A few days later, Malaysia Airlines Flight MH370 disappeared. This was the same Beijing-bound route Dwayne had planned to be on earlier. As the story of the vanished airliner filled the airwaves, Amy couldn’t help but worry that Dwayne had been aboard — maybe he’d managed to take a later flight? Finally, he called her. But the call went to her home landline, not the mobile phone she’d been using. They spoke for only a few moments before it broke up. She was relieved but also disturbed — and curious. Something was different.
The daily siege of calls and emails and messages had ended. Suddenly, she wasn’t tied up for hours every day. Alone with her thoughts for the first time in months, everything about their relationship seemed to blur.
How much do I really know this guy?
One by one, she started feeding the photos Dwayne had sent her into Google’s image search, trying to trace where else they might have come from. Eventually, up popped the LinkedIn page of a man with a name she’d never heard. Whoever Dwayne was, this wasn’t him.
She Googled “romance scam” and started reading. Even as she discovered the truth, part of her held out hope that her case was somehow different — that she was the lucky one. But the spell had broken. It was like waking up from a deep sleep — those strange moments when the dream dissolves and the real world comes rushing back.
The money …
Oh, God. How much? Looking at the numbers, the figure seemed unreal. She had sent Dwayne more than $300,000.
If you peruse the archives of Romancescams.org, a resource center and support group for dating fraud, you can see Amy’s story repeated again and again, with only minor variations. In a decade, the site has collected about 60,000 reports, from men and women, young and old. “People think victims are all lonely old women who can’t get a date, but I’ve seen doctors, lawyers, police officers,” says Barbara Sluppick, who founded the site in 2005. “One of the most heartbreaking questions we get is, ‘What can I do to get my money back?’ But it’s gone. There’s no way.”
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Some of the most aggressive efforts to track down scammers have come from Australia. Brian Hay, head of the fraud unit of the Queensland Police Service in Brisbane, has orchestrated sting operations that have led to the arrest of about 30 scammers based in Malaysia or Nigeria. But so dim are the chances of successfully finding offenders that, he admits, he rarely tells victims about these prosecutions: “I don’t want to get their hopes up.”
Hay has also built a close relationship with Nigeria’s Economic and Financial Crimes Commission (EFCC), which was established in 2002, in part to rein in the country’s rampant 419 culture. He’s inspected the computer logs of scam operations, where teams of Yahoo Boys cooperate to systematically exploit victims, using playbooks that script out conversations months in advance. Some scammers specialize in phone work; others, in writing or computer hacking. Still others work the late phases of the scam, impersonating bank officials or law enforcement in an effort to con victims who are trying to get their money back. Think romance fraud on an industrial scale. “The strongest drug in the world is love,” Hay says. “These bastards know that. And they’re brilliant at it.”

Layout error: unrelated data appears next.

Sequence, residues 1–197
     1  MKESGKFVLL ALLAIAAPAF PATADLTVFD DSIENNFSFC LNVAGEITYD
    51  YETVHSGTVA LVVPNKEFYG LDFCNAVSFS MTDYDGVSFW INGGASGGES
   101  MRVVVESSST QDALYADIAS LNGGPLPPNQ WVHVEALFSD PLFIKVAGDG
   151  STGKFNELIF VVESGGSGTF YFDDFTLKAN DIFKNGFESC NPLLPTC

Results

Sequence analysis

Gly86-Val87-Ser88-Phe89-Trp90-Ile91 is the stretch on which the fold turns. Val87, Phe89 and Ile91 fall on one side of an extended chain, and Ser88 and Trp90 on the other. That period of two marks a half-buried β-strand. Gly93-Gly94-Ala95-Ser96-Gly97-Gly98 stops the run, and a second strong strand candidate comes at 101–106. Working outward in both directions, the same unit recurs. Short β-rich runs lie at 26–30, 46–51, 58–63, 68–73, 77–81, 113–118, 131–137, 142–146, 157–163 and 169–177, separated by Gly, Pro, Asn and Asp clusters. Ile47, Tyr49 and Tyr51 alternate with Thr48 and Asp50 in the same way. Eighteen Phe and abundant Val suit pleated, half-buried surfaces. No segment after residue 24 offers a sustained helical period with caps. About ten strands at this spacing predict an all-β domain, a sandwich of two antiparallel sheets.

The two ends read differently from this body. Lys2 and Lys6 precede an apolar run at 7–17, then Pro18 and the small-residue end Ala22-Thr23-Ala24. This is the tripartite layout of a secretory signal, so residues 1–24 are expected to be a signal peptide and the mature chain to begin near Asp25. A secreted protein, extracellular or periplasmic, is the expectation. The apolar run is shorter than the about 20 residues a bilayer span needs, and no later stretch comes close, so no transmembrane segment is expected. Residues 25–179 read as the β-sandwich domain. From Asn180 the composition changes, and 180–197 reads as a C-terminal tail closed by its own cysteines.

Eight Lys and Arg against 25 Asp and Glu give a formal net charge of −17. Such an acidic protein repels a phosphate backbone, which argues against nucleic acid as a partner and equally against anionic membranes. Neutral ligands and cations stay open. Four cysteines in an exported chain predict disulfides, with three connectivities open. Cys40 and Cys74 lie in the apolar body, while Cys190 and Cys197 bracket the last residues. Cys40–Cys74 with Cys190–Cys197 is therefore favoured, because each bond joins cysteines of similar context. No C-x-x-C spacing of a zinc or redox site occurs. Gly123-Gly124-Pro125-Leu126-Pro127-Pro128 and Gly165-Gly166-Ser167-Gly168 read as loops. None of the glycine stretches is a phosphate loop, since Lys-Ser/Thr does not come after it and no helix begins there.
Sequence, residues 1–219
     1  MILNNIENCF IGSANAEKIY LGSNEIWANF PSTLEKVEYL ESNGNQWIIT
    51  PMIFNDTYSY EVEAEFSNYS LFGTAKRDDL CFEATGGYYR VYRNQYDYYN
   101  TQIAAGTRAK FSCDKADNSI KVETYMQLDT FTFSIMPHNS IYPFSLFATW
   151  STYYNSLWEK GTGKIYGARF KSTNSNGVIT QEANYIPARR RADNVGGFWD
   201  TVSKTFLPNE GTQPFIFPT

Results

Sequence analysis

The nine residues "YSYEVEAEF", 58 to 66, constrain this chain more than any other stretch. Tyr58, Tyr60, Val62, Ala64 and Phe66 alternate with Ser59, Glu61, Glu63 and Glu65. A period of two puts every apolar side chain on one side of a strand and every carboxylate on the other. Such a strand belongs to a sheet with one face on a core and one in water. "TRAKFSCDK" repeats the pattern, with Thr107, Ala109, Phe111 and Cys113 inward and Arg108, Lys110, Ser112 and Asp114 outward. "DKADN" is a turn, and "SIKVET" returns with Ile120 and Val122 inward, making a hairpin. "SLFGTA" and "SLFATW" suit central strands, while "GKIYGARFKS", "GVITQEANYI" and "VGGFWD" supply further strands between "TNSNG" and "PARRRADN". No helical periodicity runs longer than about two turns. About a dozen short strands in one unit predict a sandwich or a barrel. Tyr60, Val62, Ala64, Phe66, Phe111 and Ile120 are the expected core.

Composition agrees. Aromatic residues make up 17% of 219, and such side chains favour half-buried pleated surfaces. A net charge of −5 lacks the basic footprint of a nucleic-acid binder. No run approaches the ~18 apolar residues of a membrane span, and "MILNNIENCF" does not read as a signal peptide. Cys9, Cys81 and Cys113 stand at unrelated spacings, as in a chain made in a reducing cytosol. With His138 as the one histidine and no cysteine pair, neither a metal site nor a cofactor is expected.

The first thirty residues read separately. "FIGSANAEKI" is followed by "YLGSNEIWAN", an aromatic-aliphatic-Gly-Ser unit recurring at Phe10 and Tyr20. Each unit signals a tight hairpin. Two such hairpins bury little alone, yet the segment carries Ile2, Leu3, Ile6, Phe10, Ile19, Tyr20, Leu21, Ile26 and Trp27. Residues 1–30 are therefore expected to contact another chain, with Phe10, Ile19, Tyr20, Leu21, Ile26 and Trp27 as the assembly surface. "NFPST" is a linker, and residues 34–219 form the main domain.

Where does all the money go? Investigators fret about West Africa’s terrorism links — northern Nigeria is home to the notorious insurgent group Boko Haram — and its role in international drug trafficking. While the EFCC has made some high-profile arrests, only a relative handful of fraudsters are brought to justice.
And, as Amy discovered, victims in the U.S. have few options. When she talked to an agent at her regional FBI office, she says, they took her report — and told her that a woman in the next town had lost $800,000.
The psychological toll is harder to quantify. The trauma is twofold: Besides the financial loss, scam victims endure the destruction of a serious relationship. “It’s like finding out someone you loved has died, and you’ll never see them again,” Sluppick says. “Everything you knew has disappeared. People have to go through a grieving process.” To compound the damage, victims blame themselves — and their family and friends often do, too. “People think, ‘Why did I let this happen to me?’ But you’re a victim of a crime — it’s like you were raped,” she says.
In Australia, Hay has found that face-to-face victim support groups are helpful. But Whitty notes that, for many, denial is the easier path: A surprising number of victims end up getting scammed again. “Awareness of the scam isn’t going to change their perspective,” she says. “Part of them still wants desperately for it to be real.”
Other victims fall into the risky practice of scam baiting, a kind of digital vigilantism: They attempt to turn the tables and lead scammers on with promises of future riches. Months after she discovered the scam, Amy continued talking with Dwayne, promising him another $50,000 if he would send her various documents. Her hope was that she’d be able to lure him into giving up something incriminating. She found the neighborhood in Kuala Lumpur that he said he lived in, and she prowled its streets using the Street View feature on Google Maps, looking for some landmark he might have mentioned. Sometimes, he’d still call her in the middle of the night, and she’d hear that familiar voice for a few moments.
Finally, Amy accepted that Dwayne — whoever and wherever he was — would never show his true face, never give her the confession she yearned to hear. She abandoned her hunt. She made up a story about how she was being investigated for money laundering — this was a real possibility, given the amount of money she’d wired overseas — and even typed it up on a fake government letterhead. On New Year’s Eve 2014, one year after he had sent that first bouquet of flowers, she emailed it to Dwayne, with a note telling him not to contact her. They were done.
A few minutes later, he texted her back. He promised not to call her anymore.
“I know you’re innocent,” he wrote. “And so am I.”